The Saponi Indians originally lived in the Virginia Piedmont. English pioneer John Smith encountered the tribe in 1607. Later on, German explorer John Lederer encountered the tribe in 1670 living on the banks of the Staunton River. At the time the Saponi and Tutelo were living close together in a village southwest of present-day Lynchburg. Thirty-one years later John Lederer found the tribe living along the Yadkin River to evade attacks by enemies. Shortly after, the Saponi and Tutelo migrated to a new area called Sapona Town, close to present-day Windsor, North Carolina.
In 1714, the Saponi, Occaneechi and Tutelo signed a treaty with Virginia governor Alexander Spotswood. The tribes later settled in Brunswick County, Virginia on a small reservation named Fort Christanna along the Meherrin River. By 1729 Fort Christanna was deserted due to tribal warfare with the Iroquois. The Saponi migrated south towards the Catawba River to settle with the Catawba Nation.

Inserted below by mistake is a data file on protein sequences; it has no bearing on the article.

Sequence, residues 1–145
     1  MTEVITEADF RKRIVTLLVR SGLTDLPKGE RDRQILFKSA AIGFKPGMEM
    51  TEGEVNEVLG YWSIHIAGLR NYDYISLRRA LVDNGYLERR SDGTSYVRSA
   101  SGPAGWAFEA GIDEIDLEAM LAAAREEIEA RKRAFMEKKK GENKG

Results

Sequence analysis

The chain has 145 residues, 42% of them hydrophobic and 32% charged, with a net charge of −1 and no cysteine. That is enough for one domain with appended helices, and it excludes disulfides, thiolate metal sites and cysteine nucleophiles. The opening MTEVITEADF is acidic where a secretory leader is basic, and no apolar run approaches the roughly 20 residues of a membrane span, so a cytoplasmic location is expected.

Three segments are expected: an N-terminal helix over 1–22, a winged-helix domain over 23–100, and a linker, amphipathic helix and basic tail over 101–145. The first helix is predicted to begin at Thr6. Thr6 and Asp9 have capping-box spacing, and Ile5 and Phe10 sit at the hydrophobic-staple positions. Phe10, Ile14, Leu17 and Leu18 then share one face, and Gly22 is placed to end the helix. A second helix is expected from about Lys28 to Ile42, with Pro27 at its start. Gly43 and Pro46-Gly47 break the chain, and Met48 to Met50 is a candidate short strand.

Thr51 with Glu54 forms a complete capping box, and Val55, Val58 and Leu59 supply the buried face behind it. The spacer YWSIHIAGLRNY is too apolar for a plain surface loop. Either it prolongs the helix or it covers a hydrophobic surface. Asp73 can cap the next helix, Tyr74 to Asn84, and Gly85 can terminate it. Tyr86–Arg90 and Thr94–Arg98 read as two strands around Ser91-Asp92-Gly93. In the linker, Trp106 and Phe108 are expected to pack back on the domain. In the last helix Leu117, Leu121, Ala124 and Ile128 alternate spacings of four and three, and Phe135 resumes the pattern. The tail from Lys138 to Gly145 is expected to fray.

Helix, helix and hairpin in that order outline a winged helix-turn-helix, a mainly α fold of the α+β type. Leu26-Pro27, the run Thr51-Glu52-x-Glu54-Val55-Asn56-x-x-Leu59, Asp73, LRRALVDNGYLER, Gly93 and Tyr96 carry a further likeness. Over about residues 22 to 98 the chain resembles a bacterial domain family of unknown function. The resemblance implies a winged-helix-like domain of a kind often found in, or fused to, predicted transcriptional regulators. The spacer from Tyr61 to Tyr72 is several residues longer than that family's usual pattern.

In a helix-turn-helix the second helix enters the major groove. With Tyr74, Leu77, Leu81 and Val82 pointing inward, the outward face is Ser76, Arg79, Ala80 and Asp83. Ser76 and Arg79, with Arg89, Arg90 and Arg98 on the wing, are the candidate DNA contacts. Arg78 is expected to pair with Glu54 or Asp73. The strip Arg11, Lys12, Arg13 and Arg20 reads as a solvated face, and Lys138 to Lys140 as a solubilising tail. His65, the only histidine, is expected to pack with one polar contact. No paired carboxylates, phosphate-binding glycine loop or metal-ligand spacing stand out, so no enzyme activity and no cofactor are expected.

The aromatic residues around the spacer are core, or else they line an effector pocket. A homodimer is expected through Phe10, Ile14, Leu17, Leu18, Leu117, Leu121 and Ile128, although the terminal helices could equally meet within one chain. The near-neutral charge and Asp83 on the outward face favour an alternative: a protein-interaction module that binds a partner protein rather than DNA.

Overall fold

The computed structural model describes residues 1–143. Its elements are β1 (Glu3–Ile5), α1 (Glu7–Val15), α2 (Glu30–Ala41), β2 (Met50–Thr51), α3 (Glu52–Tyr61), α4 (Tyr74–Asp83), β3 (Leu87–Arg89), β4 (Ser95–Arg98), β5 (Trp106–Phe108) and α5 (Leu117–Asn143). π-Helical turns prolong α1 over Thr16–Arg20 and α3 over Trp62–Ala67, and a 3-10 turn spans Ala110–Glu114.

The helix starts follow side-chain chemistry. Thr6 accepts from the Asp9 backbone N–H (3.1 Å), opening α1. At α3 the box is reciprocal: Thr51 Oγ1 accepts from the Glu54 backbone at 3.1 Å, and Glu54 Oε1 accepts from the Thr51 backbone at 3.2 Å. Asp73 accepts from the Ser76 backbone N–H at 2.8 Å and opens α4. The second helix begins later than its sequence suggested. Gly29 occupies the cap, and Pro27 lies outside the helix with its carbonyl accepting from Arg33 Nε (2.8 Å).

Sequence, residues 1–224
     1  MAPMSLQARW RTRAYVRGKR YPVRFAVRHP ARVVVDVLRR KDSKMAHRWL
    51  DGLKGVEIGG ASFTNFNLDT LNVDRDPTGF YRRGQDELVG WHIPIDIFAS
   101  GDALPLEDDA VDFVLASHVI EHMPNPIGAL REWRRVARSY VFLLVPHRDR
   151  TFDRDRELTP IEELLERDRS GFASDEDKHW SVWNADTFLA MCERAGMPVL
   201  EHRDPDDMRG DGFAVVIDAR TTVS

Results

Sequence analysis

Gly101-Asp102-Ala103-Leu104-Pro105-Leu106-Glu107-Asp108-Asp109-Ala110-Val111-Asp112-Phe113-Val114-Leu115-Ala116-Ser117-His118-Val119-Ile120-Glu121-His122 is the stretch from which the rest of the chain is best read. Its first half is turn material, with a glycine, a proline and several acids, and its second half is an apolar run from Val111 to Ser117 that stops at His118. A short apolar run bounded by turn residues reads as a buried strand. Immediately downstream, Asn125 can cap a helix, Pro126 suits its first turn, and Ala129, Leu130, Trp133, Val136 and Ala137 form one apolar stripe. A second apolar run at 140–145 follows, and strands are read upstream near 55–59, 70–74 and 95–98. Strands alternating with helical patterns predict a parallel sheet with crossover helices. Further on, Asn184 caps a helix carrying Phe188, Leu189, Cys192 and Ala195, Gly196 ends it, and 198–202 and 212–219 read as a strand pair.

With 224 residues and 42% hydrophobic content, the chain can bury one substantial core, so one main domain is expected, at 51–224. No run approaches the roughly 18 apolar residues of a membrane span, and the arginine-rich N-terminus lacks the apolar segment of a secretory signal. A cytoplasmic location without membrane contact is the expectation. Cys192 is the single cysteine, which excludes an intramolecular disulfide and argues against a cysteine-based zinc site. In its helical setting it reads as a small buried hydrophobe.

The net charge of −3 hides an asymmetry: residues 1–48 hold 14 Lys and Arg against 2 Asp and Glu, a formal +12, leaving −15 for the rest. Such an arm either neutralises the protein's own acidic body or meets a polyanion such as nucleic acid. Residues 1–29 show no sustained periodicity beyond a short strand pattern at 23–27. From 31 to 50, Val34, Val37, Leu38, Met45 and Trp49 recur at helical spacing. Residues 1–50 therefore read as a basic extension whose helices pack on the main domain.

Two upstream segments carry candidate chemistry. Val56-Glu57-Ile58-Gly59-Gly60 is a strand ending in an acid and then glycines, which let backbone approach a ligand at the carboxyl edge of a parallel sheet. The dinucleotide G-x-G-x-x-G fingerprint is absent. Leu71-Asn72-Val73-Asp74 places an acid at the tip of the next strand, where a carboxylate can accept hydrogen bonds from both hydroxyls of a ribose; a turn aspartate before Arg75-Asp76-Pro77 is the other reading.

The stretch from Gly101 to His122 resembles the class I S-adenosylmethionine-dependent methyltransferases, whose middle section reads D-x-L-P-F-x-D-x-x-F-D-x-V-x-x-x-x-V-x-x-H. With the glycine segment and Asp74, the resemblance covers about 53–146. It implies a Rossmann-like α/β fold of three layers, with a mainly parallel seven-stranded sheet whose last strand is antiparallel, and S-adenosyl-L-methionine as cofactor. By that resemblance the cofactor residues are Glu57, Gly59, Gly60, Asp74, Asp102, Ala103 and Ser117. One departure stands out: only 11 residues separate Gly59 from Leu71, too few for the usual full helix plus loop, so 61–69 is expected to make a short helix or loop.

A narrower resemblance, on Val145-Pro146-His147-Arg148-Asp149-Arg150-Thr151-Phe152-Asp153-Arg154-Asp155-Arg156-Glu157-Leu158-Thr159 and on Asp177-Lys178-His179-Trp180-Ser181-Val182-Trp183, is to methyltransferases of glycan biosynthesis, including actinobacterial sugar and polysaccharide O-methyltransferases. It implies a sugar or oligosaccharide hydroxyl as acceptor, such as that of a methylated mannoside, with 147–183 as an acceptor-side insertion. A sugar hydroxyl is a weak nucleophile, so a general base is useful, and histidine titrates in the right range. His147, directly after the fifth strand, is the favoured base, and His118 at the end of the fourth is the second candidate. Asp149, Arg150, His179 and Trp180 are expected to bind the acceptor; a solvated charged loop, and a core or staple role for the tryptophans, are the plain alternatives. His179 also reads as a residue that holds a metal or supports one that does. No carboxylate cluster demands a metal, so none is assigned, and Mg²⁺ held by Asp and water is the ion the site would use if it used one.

By 1731 the desire to live autonomously led to Saponi secession from the Catawba Nation. Many Saponi migrated to New York with the Cayuga tribe and some inhabited colonial areas. Many also stayed in North Carolina to fight against the colonists in the Tuscarora War. By 1740, many Saponi and Tutelo migrated north to Shamokin, Pennsylvania and in 1753 the Cayuga tribe selected the Saponi and Tutelo to join them in the Six Nations. After this point, records are scarce concerning the Saponi.
"Saponi Tribe Indian History." www.accessgenealogy.com. N.p., n.d. Web. 6 Jun 2012. <http://www.accessgenealogy.com/native/tribes/saponihist.htm>.
“Saponi Indians.” William S. Powell, ed. Encyclopedia of North Carolina Chapel Hill, NC 2006).
By Shane Williams, North Carolina History Project
See Also:Related Categories: Early America